Memoirs Illustrative of the History and Antiquities of the County and City of York: Communicated to the Annual Meeting of the Archaeological Institute of Great Britain and Ireland, Held at York, July, 1846, with a General Report of the Proceedings of the Meeting, and Catalogue of the Museum Formed on that Occasion (Google eBook)
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Life in a Mediaeval City - Illustrated by York in the Xvth Century
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abbey abbot acres of meadow aforesaid aisle altar Andrew Luterel appurtenances arch archbishop archbishop of York barony Beelsby Belesby belonging bishop bishop of Lincoln bovates bovates of land canons carucates carucates of land castle cathedral chapel charter choir church of St clerestory count of Mortain crypt Danegeld daughter deceased Decorated demesne Drax earl Early English entry escheator fief Gamston Geoffrey Luterel granted half Hawisia heir held Henry the Third Holy Trinity Hooton inquisition Irnham King Edward King Henry king in chief king's knight Lincoln Lincolnshire lord the king manor Maurice de Gaunt moost nave Norman ornament parish Perpendicular pier Pipe roll ploughs pounds prior Ralph Paynell reign of King renders accompt Richard Robert de Gaunt roll Saltby scutage sheriff shew shillings soke subject to Danegeld Thimelby Thomas tower transepts tumulus tythe unto wall wapentake Westminster wife William Paynell window writ Yorkshire
Page 13 - A statute, also, passed 15 Edwd. II. (1322), declares that ' the matters to be established for the estate of the king and of his heirs, and for the estate of the realm and of the people, should be treated, accorded, and established in parliament, by the king and by the assent of the prelates, earls, and barons, nnd the commonalty of the realm, according as had been before accustomed.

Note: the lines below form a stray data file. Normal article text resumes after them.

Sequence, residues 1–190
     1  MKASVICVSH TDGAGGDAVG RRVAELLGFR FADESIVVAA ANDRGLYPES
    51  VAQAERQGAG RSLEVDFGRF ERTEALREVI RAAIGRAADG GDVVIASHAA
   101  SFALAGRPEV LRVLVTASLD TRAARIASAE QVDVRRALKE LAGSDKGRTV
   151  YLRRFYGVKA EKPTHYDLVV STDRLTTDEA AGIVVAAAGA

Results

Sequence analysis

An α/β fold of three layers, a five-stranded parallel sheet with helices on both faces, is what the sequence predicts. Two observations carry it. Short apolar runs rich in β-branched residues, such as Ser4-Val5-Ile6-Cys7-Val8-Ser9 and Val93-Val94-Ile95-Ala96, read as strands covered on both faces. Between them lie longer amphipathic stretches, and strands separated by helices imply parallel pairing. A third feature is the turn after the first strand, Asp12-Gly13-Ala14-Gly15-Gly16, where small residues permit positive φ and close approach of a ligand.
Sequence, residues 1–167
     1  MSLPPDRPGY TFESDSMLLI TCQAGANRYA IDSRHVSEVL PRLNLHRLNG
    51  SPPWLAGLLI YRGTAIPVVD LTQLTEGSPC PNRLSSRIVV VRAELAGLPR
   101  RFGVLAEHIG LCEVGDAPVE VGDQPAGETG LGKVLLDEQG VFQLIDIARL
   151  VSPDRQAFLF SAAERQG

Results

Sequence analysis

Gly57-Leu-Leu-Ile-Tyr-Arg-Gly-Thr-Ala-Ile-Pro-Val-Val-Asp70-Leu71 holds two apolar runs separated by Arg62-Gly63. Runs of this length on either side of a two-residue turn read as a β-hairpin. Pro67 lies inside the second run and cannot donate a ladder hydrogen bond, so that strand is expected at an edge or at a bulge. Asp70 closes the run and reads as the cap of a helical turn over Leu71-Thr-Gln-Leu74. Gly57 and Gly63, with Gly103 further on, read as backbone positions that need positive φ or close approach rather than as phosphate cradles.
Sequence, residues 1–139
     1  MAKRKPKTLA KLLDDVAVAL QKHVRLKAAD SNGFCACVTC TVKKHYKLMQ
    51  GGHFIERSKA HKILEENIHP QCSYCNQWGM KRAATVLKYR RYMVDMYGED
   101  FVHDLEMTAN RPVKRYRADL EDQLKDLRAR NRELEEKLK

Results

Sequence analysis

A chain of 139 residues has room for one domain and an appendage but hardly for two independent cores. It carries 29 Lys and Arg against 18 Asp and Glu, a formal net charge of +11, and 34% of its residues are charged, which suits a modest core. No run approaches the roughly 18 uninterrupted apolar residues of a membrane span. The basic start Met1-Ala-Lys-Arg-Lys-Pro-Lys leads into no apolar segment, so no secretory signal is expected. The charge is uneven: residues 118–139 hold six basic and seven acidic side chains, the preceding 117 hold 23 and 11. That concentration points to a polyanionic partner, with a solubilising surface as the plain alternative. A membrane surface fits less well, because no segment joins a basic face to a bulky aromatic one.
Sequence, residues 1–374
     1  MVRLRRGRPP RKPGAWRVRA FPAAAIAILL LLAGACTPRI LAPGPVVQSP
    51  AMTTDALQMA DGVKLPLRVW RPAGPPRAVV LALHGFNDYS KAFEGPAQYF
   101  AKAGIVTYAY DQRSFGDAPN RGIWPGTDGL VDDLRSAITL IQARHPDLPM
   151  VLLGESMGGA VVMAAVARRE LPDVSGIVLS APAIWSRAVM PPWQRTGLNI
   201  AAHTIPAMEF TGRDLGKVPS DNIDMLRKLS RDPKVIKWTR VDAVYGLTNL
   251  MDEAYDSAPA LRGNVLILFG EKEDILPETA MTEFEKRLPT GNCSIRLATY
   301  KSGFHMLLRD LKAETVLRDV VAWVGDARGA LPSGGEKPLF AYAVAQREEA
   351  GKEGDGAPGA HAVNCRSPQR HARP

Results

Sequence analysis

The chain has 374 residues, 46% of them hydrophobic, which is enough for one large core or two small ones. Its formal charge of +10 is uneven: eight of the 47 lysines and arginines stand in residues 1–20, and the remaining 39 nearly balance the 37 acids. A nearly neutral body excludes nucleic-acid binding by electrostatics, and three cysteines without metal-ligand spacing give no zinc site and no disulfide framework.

Page 13 - Crown, shall be void and of no avail or force whatever; but the matters which are to be established for the estate of our lord the King and of his heirs, and for the estate of the realm and of the people, shall be treated, accorded, and established in Parliaments, by our lord the King, and by the assent of the prelates, earls, and barons, and the commonalty of the realm; according as it hath been heretofore accustomed.
Page 137 - Aquitaine, to archbishops, bishops, abbots, priors, earls, barons, justices, sheriffs, reeves, ministers and all his bailiffs and faithful, greeting. Know ye that we have granted and by this our charter confirmed to our beloved...
Page 61 - Glossary of Terms used in British Heraldry ; with a Chronological Table illustrative of its Rise and Progress.
Page 112 - Archbishops, &c., greeting. Know ye that I have granted, and by this my present charter, have confirmed to God and the Holy Church of St.
Page 33 - ABT- 80°belonged to some person whom he calls his Lord, Dominus, to be placed in the north porch of the church of St. Nicholas at Newcastle, there to be chained for common use for the good of his soul.
Page 77 - Nothing can exceed this nave in beauty and gracefulness. But in sublimity it is exceeded by many, . . . and the reason seems to be that a bay of the Lichfield nave is clearly limited in its height. The triforium is made a principal instead of a subordinate feature ; you feel that if by the heightening of the pier-arches it were placed at a different level from the eye much of its beauty would be lost.
Page 222 - Edward by the grace of God, King of England, Lord of Ireland, and Duke of Aquitaine...
Page 24 - ... queen;' probably he would not have been appeased without blood also, if she who possessed the art of charming fury-passions had not been at his side. In Yorkshire the king and queen were met by two hundred gentlemen of the shire, in coats of velvet, with four thousand tall yeomen and serving-men, who on their knees made a submission by the mouth of sir Robert Bowes, and gave the king 900Z. Katharine witnessed a pageant of no less interest, when the archbishop of York, with upwards of three hundred...